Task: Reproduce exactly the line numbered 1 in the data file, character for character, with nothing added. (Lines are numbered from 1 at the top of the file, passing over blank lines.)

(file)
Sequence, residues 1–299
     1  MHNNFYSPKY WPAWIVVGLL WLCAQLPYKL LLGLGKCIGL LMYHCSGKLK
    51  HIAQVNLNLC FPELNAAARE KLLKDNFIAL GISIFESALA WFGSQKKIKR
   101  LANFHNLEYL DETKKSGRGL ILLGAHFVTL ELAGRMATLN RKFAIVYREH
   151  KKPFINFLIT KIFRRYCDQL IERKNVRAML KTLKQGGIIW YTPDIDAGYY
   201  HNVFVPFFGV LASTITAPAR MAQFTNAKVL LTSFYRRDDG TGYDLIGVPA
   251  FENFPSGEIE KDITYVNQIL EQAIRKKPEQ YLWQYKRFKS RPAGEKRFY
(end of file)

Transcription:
Sequence, residues 1–299